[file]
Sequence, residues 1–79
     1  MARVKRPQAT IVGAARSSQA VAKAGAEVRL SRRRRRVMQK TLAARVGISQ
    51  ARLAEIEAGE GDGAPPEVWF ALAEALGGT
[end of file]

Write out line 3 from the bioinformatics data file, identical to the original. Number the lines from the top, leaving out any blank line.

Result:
    51  ARLAEIEAGE GDGAPPEVWF ALAEALGGT